"Mama, Mama! Look what Nila found! What is it, Mama?"
At the sound of Hano's eager cries, Miemma turned from her work. She had pulled three potatoes from the ground, and was starting on a fourth. Straightening, she dusted her
hands off on her apron, and grimaced as her back protested. She had carried three children, one of whom was nestled against her back, sucking sleepily on his fingers. He was almost grown too large to carry. Oh, how life marched! Hano, nine years old and impossibly curious, was running towards her. In his hand he brandished something thin and curved. Even marred as it was by dirt, Miemma could see it sparkling.
"Give it, Hano! It's mine!"
Nila was five, and as the only girl child in the hut, had to fight to be seen. And fight she did, as hard and as tenaciously as either of the boys. Her braids were in disarray, and her little face was screwed up, ready to scream. But as Miemma took the object from Hano, both children forgot their quarrel to hear their mother's pronouncement.
"It is clearstone," Miemma said thoughtfully. "It makes
sharpstone when it is broken."
"Sharpstone? Like Da's knife?"
"Just like Da's knife, Nila."
Hano was not convinced. He wrinkled his nose.
"Doesn't look like stone to me. Stone's all pebbly and thick. This is smooth."
"That's because it's not stone. Not really. This was made."
"Who made it, Mama? And what's it for?"
"Come, you two. Sit here. You may eat one of your cherries if you'd like."
"Well, alright, but just this once."
"Once, long ago, when the world was very young, Man was king. They say that Man's villages stretched as far as the seas, and shone with hot smoky magic. Oh, the magic we could do, so long long ago! We could fly like a hawk, and run faster than an Akhal Teke. Man tamed vast shining beasts and tethered them to paths, and they groaned and wailed and ran. Man was everywhere, and what Man wanted, Man received.'
‚¬ËœBut Man grew jealous and spiteful. Three factions arose,
each with a different vision of how the world should look."
"What's a fackshun, Mama?"
"It's like a clan, my love."
"Two of the factions, the Caps and the Corps, wanted a world of metal and fire. They fought and they spat, and threw hot eggs that seared, and cold arrows that froze. Their arrows and their swords cleaved the land, and with that they made the Badlands, the place Da says you can never go, and rightly so.'
‚¬ËœBut there was a third faction, led by Mortimer Myst. He was gentle and soft, and saw a different image for the world. It was he who gathered the tekes and the gypsies, the falcons and the boars, the deer and the pumas. He hid them in his lands, the Fells, where they would be safe and well. He saw that the world could only survive without the hot dusty taint of the other factions, without metal and burning and destruction.'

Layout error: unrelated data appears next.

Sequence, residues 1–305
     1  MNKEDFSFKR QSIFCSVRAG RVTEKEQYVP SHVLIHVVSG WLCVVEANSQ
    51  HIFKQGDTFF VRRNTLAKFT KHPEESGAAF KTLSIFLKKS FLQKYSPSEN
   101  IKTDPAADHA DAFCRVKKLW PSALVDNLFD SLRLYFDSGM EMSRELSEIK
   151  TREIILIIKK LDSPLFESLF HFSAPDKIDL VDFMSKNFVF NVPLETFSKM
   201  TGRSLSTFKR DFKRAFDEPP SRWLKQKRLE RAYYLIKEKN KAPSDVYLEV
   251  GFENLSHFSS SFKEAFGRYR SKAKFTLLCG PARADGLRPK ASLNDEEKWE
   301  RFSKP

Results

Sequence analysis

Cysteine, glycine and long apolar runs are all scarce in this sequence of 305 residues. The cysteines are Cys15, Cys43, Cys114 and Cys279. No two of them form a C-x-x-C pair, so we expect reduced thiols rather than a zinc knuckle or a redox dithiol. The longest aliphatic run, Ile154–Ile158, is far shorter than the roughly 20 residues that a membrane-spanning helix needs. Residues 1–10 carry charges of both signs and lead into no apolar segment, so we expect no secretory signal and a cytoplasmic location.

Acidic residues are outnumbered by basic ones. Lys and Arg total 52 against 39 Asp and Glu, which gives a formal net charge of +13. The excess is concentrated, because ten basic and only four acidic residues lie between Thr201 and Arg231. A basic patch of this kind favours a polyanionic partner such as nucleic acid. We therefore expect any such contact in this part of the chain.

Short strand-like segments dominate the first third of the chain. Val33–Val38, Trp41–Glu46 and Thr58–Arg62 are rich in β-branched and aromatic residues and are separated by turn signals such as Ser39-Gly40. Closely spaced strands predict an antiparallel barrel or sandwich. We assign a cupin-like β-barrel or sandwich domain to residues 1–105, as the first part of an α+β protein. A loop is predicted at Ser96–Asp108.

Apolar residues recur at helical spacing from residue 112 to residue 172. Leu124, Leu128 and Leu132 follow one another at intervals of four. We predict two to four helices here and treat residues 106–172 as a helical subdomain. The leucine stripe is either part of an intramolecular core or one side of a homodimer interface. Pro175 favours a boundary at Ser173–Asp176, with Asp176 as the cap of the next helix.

‚¬ËœBut the factions were warring, and the Metallurgists came closer and closer to Mortimer's fells. His people, his animals, were in danger. Mortimer Myst was kind and good, but he was also very powerful. He gathered crystals and dust, and made a terrible, beautiful potion. He climbed to the topmost point of the highest mountain, and then he set his poison onto the wind. It tore apart all that was evil and cruel and unjust in the world, leaving only that which was simple and good and kind. Mortimer Myst perished, but his legacy survived."
"And then what, Mama?"
"Then the world had to begin anew, my love. But something was different. Mortimer Myst's magic dust had forever changed the world as we knew it, into the world as we know it now. Would you believe, my love, that Gypsies didn't always have wings, and Tekes horns? The dust brought the Raptors back from their sleep deep within the earth, and changed the living things of this land. Even the fish, safe and hidden in the water, are altered. The longer we live on this world, my dears, the more it changes us. When we respect it, when we care for it, those changes are kind. They come as wings and horns, lava and magic. The four guardians - the Hounds, the Boars, the Falcons, the Selkies, they watch us to make sure that we never divide or seek to rule again. That is why we thank the soil for our cherries and our potatoes, and why you always wear your cloths over your mouths when you go near the Boundary."
"But what about Sharpstone, Mama? What was it for? Is it a bad cold arrow?"
"No, my love. It is like the other things we find buried in the soil sometimes. It is pretty, but it is just a memory of a time long gone. Of a time best forgotten."
The children were quiet as they considered their mother's tale. Hano was the first to speak.
"So can I keep it, then?"
"No, I found it, it's mine!"
Laughing, Miemma took her children's hands, and together they wandered through the green-purple twilight, under a sky sparkling with stars of Men and of Gods. They wandered back to their simple hut where, once, long ago, a mighty city stood.